As Congress debates, Connecticut expands its Red Flag Law for guns
Connecticut just expanded the state’s landmark “Red Flag Law,” as Congress considers offering other states incentives to pass similar protections.
On Tuesday, Gov. Ned Lamont pressed the federal government to act swiftly during a news conference at the Windsor Police Department.
"This is an important tool for law enforcement, to be able to take guns away from those that have shown that they shouldn't be having guns,” said Windsor Police Chief Don Melanson.
Connecticut became the first state in the nation to pass a Red Flag Law in 1999, after a mass shooter killed four co-workers at Connecticut Lottery headquarters. Since then, nearly two dozen others have followed suit, including Republican-led states like Indiana and Florida.
"There are clear instances where a tragedy was imminent and police were able, because of this mechanism, to intervene,” said Mike Lawlor, a former state legislator who helped craft the original law.
The revised Red Flag Law took effect this month. Now, more people can seek an order -- including dating partners, roommates and medical professionals – and they can apply for a risk warrant directly with the courts, bypassing police.
Judges can now hold weapons indefinitely; before, extreme risk warrants were limited to one year. However, gun owners have more rights too. They can now petition to get firearms back every six months, instead of waiting a year.
The new law also closed a loophole that let people buy new guns after their old ones were seized.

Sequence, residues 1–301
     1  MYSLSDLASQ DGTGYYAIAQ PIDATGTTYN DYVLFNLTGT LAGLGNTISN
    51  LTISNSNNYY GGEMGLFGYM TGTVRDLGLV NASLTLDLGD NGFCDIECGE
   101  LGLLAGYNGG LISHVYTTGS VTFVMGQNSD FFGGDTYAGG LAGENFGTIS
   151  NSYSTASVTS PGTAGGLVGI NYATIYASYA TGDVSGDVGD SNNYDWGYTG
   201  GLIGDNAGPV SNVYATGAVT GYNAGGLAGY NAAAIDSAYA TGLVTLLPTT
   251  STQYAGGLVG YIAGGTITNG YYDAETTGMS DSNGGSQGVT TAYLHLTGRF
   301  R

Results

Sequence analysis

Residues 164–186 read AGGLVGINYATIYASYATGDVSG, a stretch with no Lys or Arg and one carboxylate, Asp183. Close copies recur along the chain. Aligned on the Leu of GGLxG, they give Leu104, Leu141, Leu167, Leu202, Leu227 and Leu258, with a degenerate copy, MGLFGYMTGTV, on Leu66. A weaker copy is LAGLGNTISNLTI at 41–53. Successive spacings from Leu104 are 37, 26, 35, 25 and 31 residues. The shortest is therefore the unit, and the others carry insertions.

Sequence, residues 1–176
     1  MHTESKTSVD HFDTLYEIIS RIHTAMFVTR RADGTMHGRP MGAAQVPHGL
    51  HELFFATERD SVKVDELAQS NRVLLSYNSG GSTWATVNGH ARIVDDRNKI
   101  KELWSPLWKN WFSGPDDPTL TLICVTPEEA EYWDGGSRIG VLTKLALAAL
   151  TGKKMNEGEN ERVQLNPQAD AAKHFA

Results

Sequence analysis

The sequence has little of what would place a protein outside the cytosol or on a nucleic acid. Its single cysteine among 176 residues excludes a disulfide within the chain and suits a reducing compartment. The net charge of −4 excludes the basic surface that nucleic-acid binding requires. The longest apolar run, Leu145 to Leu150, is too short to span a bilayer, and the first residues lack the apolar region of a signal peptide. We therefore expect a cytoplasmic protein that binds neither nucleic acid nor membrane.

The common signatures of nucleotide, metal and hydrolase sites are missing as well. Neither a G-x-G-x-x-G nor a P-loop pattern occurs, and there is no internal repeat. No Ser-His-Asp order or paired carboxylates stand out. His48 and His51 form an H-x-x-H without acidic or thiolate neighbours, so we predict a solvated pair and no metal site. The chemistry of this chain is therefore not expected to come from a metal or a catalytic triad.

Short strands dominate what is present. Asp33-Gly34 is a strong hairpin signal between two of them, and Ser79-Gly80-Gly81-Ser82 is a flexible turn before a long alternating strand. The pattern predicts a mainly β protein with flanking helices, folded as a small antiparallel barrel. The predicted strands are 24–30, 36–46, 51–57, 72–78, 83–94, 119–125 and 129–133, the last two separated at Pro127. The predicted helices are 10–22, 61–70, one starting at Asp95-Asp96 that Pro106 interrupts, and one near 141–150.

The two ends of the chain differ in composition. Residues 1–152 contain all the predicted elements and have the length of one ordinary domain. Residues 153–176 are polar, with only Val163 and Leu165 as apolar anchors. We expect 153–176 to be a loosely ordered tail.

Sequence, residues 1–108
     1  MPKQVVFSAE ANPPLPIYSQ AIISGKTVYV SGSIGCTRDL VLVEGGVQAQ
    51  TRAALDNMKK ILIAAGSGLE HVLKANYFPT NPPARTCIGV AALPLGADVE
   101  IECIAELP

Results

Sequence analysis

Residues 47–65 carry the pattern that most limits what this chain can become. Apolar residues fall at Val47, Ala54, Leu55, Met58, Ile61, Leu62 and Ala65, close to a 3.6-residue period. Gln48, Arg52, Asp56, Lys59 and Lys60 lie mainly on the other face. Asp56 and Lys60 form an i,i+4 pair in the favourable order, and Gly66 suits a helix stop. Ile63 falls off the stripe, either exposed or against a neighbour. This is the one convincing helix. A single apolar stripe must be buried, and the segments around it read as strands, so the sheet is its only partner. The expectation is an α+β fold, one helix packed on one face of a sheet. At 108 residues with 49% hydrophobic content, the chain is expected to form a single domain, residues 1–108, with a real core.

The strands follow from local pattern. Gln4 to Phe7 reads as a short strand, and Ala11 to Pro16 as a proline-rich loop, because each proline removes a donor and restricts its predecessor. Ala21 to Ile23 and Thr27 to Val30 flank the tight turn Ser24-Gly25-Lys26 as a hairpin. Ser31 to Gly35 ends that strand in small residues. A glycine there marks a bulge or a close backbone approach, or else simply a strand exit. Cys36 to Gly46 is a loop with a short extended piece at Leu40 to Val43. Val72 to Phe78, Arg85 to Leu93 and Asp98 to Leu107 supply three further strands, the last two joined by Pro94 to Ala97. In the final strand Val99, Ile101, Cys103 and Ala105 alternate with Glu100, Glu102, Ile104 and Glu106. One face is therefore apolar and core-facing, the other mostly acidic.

About 200 extreme risk protection orders are filed each year, according to the state Judicial Branch.
In 2019, Norwalk police used the law to seize guns from Brandon Wagshal, a former college student who had amassed an arsenal of illegal high-capacity magazines. According to an arrest warrant, Wagshal posted “PLANNING MASS MURDER!!!!” on his Facebook page. Years earlier, he allegedly told middle school classmates, “I’ll make Virginia Tech look like nothing.”
Wagshol was sentenced to four years in prison after pleading guilty to second degree assault and weapons charges.
Last year, his mother pushed lawmakers to expand the Red Flag Law.
"When arrested, Brandon stated it was his intention to build a high-capacity firearm,” Joanne Kirson told a public hearing in 2021. “He told me that he was 90% done with building the firearm."
But critics say accusers can abuse the Red Flag Law, and that it’s nearly impossible for gun owners to get their weapons returned.
"I think we need to have real conversations about what works and what doesn't work,” said Holly Sullivan, president of the Connecticut Citizens Defense League, the state’s largest gun rights group.
If police seize weapons, they must prove “probable cause.” But civilians who petition courts directly only face a “reasonable belief” standard.
Either way, courts must hold a hearing on the risk order within 14 days, but judges almost always approve a longer hold.
Sullivan believes the Red Flag Law actually discourages gun owners from seeking out safe storage on their own with groups like Hold My Guns.
"Those organizations cannot actually do their mission here in Connecticut due to our transfer laws,” she said. “Because we put this law in place, the very people that own firearms don't have access to the resources that could actually help them.“
Back at Windsor police, supporters say Connecticut’s Red Flag Law could work better if more states pass them.
"We don't have moats and walls around our states,” said state Rep. Maria Horn (D-Salisbury), co-chair of the legislature’s Public Safety Committee.